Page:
Sometimes, collaborating on a story is easy; sometimes it’s unbearably difficult, even impossible. And sometimes, it’s magical. My current collaboration is a perfect example. And because such magical opportunities are rare, I’m stepping away from my usual sort of post to talk about it.
It began when two, lovely and perpetually young, great-grandmothers enlisted my aid in the development of a children’s storybook. The tale, “Hopper and Amos,” is an adventure featuring a baby bird and an intensely curious cat. The story itself is simple and reality-based: an event which unfolded in the garden of the author’s home. The book is intended for children lucky enough to have parents or grandparents who will read it to them.
The author, Ceil Ramsey, and the illustrator, Joanne Davis, are long-time friends who, fortunately for me, both reside fairly close by. They told me they had a story and some watercolor artwork to go with it, but they weren’t sure how to put it all together in a finished form. “Will you help us?” they asked.
Despite being knee-deep in writing another textbook, teaching in three different venues, editing and/or proof-reading for a dozen other writers, and helping my bride to get our house ready to sell so we can move in the fall, I agreed.
And why not? It isn’t like I was busy or anything. Geez.
Ceil sent me the text of the story which, by itself, isn’t terribly moving. I’m a good 65 years older than the target audience, so it shouldn’t have moved me. Then I saw the preliminary illustrations Joanne had done. I quickly realized what a wonderful match the two were, and how they so perfectly complimented each other. A simple story coupled with simple artwork became more than the sum of the parts.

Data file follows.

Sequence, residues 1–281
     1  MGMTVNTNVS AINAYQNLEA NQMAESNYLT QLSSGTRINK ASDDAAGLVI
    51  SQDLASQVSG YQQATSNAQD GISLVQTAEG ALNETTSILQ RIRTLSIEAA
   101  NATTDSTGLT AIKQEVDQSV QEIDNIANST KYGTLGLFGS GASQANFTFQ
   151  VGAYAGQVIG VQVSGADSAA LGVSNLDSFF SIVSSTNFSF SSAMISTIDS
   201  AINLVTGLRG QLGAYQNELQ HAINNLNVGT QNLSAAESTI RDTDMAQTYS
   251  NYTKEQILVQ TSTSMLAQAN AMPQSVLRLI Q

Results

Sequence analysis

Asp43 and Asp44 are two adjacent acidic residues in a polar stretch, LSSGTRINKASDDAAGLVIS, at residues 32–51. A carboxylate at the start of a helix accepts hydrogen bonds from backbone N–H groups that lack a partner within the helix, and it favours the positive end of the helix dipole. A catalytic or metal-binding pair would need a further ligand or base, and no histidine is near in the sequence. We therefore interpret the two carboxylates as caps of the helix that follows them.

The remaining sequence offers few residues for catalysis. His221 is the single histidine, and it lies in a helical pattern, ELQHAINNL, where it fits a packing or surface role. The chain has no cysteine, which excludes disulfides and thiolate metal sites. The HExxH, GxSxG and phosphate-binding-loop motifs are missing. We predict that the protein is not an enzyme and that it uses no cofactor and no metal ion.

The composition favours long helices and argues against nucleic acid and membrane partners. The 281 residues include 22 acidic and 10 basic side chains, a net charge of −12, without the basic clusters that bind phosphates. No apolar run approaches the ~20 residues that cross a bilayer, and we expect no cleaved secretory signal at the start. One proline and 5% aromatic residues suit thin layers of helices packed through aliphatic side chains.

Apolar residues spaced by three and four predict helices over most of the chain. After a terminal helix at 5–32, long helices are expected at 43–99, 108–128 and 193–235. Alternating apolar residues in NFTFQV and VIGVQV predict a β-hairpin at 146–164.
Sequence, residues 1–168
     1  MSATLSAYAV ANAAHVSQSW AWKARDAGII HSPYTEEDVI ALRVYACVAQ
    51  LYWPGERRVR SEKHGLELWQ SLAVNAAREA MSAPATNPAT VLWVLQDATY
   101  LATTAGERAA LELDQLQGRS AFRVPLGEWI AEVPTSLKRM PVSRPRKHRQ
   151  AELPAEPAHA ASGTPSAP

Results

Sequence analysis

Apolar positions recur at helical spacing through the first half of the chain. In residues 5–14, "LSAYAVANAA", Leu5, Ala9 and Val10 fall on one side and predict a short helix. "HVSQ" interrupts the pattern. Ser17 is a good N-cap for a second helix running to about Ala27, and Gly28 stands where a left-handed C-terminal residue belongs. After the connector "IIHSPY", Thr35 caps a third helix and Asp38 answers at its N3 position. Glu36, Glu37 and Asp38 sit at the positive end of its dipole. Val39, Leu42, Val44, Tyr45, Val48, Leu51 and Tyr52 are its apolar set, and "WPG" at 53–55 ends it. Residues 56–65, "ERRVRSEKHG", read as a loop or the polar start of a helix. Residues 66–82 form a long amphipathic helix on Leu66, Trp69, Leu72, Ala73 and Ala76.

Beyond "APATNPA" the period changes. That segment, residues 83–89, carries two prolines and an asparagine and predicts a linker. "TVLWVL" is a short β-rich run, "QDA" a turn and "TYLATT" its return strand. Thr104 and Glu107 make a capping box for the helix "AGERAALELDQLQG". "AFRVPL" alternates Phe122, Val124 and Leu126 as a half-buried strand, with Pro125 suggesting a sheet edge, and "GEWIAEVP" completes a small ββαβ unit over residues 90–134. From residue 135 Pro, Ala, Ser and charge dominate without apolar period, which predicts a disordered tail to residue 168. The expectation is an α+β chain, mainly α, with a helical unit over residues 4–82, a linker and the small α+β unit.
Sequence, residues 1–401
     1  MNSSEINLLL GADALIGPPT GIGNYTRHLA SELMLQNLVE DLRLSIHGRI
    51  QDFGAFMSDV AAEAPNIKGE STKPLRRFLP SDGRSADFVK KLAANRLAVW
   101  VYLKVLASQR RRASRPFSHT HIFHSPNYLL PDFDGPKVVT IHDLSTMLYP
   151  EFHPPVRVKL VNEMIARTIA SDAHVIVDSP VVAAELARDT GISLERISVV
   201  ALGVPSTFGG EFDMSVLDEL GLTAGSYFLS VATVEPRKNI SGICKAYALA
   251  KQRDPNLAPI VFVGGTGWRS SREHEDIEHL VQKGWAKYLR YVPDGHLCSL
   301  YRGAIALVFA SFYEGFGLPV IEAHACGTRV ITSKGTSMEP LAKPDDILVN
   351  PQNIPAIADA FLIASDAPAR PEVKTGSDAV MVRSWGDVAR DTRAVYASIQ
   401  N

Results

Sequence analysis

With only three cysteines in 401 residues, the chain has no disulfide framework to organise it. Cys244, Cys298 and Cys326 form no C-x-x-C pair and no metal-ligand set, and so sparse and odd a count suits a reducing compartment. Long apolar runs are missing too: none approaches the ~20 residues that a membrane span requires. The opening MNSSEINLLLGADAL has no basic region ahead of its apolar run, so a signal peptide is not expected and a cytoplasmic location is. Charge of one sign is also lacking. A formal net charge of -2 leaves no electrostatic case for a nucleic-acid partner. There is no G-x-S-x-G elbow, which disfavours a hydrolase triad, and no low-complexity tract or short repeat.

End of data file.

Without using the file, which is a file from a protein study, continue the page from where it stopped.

It needed a text font to seal the partnership and a layout to emphasize the theme. The font had to be unusual enough to stimulate and satisfy the reader, and it had to guide the non-reader’s search for the illustrations that made the story click. I took a stab at it with a fanciful font and did a nearly full layout, all the while keeping my fingers crossed that I hadn’t gone overboard.
Fortunately, they liked the results, and after tinkering with some of the details, we were ready to move on. Ceil modified some of the wording, while Joanne revamped some of her watercolors. I revised the layout, pulled a cover together, and we ordered proof copies.
We’ve still got some things to do before we’re completely happy with the final product, but we’re very close. We’ve hit upon a number of marketing ideas we’re eager to test, but we don’t want to jump the gun.
This post could be considered our opening promotional salvo, but I’m really sharing it to brag about my great good fortune in connecting with Ceil and Joanne.
We are eager to find review-writing first readers. If you have a child or grandchild, or know one who isn’t reading yet, this might be a great chance to entertain them and assist a pair of wonderful and talented great-grandmothers in their first commercial publishing effort. If you’d like to help, please reply and let me know.